Asking the Public for a Little Respect


Not to be rude about it, but our public servants say they are tired of being treated like, well, servants.

Fed up with a ballooning number of run-ins with an increasingly boorish public, government agencies are drawing their own versions of Roberts Rules of Order for a society that has lurched from “Excuse me” to “Go ahead, make my day.” Consider it a collective call by bus drivers, politicians, judges and teachers everywhere for a little respect.

Or else.

An Orange County school district has adopted a criminal misdemeanor policy for irate parents who harangue school staff.


City councils across the state are booting speakers who make derisive comments on the basis of race, religion or sexual orientation.

Some federal judges in California are weighing punishments for lawyers who have pushed the limits on insulting judges.

Out in the trenches of public servitude, teachers, sheriff’s deputies and Social Security workers are learning “verbal judo” from career institutes and pricey consultants, practicing techniques to calm the increasingly churlish tempers of clients. Bus drivers are attending “Pushing My Buttons” seminars after being not just verbally insulted while they drive, but spray-painted in the face or spit on.

It’s triggered by the surly, me-first behavior that experts--yes, there are manners experts--call a hallmark of our times. After all, how can you get what you want in a crowded, pushy world if you don’t say loud and clear that you are really, really mad? Rudeness is rewarded: Witness the celebration of insulting behavior on shows such as “Howard Stern” and “Jerry Springer.” Tired of waiting for that no-good clerk whose salary is paid for with your tax dollars? Act out.

Of course, this is government bureaucracy we’re talking about. Sometimes the hostility comes from valid anger directed against uncaring government workers armed with wretched regulations, not to mention the long lines it takes to get to those workers in the first place. Recognizing their share of the blame, many public agencies are lifting a page from corporate America, teaching their workers a little customer psychology.

Mark Goulston, a Santa Monica-based management consultant for Fortune 100 companies, has seen an increased demand for his services from the public sector in recent years. Goulston, who typically charges $2,500 for daylong seminars in improving customer relations, has worked with Los Angeles County Superior Court judges, district attorney offices and social service departments.

“The motivation here is often to get productivity from people whose nature may be less ambitious than their private sector counterparts,” he said. That lower ambition often translates into poorer customer service. “In the public sector, most [customers] feel like they’re being talked at, as opposed to being talked with. They’re treated as objects instead of people.”

Xina Renata understands that feeling, after a recent clenched-teeth session at the Department of Motor Vehicles office in Costa Mesa.


“They weren’t listening,” Renata said, admitting that she had raised her voice as she tried to explain why she didn’t owe $1,000. She did get the fines waived, but complained, “I was treated like an ignorant idiot.”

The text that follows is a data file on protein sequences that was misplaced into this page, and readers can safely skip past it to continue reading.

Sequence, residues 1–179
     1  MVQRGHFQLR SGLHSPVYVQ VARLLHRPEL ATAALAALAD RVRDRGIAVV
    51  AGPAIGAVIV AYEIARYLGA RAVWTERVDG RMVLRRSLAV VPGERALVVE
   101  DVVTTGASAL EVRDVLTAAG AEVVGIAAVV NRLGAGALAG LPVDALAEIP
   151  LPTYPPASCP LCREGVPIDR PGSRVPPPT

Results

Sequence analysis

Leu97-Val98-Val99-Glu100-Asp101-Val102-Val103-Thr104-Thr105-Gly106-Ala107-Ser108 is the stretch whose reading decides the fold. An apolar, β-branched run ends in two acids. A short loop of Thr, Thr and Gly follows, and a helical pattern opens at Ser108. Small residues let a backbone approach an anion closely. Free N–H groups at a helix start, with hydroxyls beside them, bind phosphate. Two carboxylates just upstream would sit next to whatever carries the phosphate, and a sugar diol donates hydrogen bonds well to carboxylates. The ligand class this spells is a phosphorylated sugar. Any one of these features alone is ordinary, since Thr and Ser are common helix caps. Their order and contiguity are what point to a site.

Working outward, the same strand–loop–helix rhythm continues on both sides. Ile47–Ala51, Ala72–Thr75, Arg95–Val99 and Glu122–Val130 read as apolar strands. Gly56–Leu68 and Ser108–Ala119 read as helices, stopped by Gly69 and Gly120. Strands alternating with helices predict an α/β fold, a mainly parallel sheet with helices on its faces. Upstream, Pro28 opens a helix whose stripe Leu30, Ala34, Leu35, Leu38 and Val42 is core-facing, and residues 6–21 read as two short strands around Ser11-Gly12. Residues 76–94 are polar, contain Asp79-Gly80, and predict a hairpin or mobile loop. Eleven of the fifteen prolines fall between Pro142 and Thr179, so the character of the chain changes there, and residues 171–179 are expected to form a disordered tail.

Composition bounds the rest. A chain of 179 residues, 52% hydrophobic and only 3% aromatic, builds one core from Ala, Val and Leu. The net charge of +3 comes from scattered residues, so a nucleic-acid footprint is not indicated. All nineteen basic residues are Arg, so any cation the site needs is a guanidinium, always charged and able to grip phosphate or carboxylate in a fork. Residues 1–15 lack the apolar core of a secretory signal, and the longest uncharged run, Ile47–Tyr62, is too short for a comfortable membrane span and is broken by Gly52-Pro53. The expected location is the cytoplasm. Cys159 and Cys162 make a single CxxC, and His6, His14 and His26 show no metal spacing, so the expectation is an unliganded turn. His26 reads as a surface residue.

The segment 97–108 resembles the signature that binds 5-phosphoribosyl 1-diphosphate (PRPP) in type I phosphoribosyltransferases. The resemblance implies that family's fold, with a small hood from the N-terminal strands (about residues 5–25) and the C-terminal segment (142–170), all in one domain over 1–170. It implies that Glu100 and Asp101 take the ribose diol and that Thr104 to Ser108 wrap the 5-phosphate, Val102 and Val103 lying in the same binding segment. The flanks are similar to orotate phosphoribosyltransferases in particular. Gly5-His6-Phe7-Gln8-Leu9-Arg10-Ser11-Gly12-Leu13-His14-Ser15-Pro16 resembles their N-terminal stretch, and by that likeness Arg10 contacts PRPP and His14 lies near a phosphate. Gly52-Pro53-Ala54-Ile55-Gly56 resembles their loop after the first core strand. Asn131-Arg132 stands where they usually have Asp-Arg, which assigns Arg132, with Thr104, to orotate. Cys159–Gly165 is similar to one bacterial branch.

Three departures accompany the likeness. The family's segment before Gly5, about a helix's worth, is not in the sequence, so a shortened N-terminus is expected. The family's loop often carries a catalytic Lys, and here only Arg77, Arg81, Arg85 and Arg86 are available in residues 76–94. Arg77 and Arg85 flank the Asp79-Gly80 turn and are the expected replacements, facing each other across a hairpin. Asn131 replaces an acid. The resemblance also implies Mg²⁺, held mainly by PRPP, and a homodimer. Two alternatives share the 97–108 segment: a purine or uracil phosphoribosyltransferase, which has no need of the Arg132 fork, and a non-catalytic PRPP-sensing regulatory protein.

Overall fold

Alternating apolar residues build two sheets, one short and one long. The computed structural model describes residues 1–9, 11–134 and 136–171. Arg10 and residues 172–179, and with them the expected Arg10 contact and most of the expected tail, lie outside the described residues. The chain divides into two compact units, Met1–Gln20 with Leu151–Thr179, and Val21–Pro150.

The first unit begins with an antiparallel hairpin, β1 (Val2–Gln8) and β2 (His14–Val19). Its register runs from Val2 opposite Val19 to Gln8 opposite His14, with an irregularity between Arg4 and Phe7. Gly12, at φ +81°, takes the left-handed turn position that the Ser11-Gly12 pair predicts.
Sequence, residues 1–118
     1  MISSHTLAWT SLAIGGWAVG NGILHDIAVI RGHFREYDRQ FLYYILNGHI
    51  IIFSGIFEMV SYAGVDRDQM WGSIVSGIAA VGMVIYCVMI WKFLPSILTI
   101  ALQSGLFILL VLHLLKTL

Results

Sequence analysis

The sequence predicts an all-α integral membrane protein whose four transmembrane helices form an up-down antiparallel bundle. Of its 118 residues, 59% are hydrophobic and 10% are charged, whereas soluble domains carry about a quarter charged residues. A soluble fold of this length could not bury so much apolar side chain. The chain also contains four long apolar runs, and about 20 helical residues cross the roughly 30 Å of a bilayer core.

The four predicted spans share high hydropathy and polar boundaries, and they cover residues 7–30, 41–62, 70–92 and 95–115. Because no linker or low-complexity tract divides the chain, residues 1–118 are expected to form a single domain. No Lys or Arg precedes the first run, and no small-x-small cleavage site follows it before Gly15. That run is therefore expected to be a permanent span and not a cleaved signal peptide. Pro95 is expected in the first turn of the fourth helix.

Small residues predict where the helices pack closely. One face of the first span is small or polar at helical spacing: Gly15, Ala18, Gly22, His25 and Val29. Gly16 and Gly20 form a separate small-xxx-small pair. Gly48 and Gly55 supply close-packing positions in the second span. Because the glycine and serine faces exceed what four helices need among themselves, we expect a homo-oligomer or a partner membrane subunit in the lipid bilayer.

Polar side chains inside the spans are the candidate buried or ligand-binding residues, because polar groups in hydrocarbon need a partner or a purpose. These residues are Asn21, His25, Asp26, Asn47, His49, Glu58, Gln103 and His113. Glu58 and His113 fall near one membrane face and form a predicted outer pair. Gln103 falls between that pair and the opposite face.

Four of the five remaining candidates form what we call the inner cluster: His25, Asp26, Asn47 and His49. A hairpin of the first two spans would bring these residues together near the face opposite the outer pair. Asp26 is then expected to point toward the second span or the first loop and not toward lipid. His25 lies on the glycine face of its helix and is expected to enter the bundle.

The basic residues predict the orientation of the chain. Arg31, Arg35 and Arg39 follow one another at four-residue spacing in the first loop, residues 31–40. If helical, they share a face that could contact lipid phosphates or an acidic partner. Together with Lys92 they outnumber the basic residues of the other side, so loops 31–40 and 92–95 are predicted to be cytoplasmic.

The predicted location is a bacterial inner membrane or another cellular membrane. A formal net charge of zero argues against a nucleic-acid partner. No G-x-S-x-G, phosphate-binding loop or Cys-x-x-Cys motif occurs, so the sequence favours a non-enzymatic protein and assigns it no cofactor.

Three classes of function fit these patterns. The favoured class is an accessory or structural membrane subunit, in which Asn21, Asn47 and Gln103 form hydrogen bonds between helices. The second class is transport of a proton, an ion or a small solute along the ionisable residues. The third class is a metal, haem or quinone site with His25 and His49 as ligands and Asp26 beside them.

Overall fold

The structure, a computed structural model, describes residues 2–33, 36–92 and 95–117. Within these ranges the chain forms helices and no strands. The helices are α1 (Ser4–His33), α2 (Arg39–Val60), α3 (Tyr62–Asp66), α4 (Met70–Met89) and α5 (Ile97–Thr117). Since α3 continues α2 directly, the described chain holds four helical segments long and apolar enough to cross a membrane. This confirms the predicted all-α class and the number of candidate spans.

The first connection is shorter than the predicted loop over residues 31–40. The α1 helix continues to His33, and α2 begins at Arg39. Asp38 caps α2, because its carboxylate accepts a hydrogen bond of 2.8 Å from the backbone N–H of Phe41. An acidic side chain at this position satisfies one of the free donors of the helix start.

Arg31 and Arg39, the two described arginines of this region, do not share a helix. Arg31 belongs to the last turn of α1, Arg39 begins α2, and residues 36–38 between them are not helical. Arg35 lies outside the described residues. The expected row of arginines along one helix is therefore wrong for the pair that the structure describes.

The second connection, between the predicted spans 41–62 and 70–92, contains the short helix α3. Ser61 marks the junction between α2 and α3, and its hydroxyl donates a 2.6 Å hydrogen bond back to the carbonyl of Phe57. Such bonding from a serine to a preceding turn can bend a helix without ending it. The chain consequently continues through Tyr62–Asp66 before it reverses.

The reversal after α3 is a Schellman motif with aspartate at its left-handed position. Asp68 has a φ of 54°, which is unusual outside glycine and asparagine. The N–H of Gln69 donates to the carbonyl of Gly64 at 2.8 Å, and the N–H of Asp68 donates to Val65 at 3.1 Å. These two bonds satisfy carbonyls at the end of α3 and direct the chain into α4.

The DMV, where every person is not just a number but a whole string of them, was one of the first agencies to teach employees to approach tough customers on a personal level, talking about the weather or a child’s good grades to soothe them.

But calming an irate Californian deprived of wheels is proving increasingly daunting.

“They’re punching walls, cussing at us. Kicking trash cans over. They’ll start pounding on the counters, yelling,” said Kathie Northcott from her perch behind the information desk at the DMV office in Costa Mesa. “Once or twice a month, security has to walk them outside.”


Myron Berry is a veteran supervisor at the Costa Mesa DMV office, where half a dozen separate queues move at speeds reminiscent of Soviet bread lines. Yet he still is shaken by the motorist a few months ago who, ranting about a $300 late charge on his car registration, screamed, “I see why people like Timothy McVeigh do what they do--why they can bomb a building like this.”

Berry immediately dropped his plan to waive the $300 charge.

Use of ‘Verbal Judo’

What Berry could have used was a little verbal judo, says Capt. Greg Kyritsis, commander of the San Bernardino Sheriff’s Training Center.


Verbal judo is a series of techniques developed by an Arizona ex-police officer. It teaches public workers how to sympathize with angry people, no matter what, and steer them toward resolution--of the conversation if nothing else.

Here’s how it could have worked for Berry’s situation, according to Kyritsis:

“He could have told that man, ‘Sir, I understand why you would want to bomb this building, yes I do. Now, what can I do to help you?’

“The problem is keeping a straight face when you have to say stuff like that, but it works,” Kyritsis said.


In other words, be polite against all odds. In a culture where sarcasm is now woven into the fabric of daily life, that can be difficult, especially since deportment and etiquette probably weren’t part of your junior high school curriculum.

Judith Martin, author of the widely syndicated column “Miss Manners,” said a basic piece of the problem is that many people are no longer taught common courtesy. The huge baby boomer generation is the best example, she said. As newly minted adults, boomers were at the vanguard of the 1970s Me Decade, which made it acceptable, even admirable, to place individual fulfillment above compromising for the greater good.

“We’re all born behaving like rock stars staying in a hotel: sleeping odd hours, trashing the place and screaming for service,” Martin said. And in the huge baby boomer population, “we have an entire generation now that grew up being taught nothing different.”

So true, agreed Johns Hopkins University professor P.M. Forni, who is conducting a wide-ranging project on civility.


“This goes back to the crisis of authority that we witnessed in the 1960s--the times of counterculture, and the mortal wounds that the principle of authority received in the wake of the insurrections and turmoil in that era,” Forni said.

Forni said there is no question that bureaucrats, bus drivers and anyone who represents government have become acceptable scapegoats.

There are no studies tracking Americans’ attitudes toward civil servants, but statistics reflect the wide erosion of trust in authority. In 1955, eight out of 10 Americans said they trusted government. In a 1992 poll, only three out of 10 said they “always or mostly trust government.”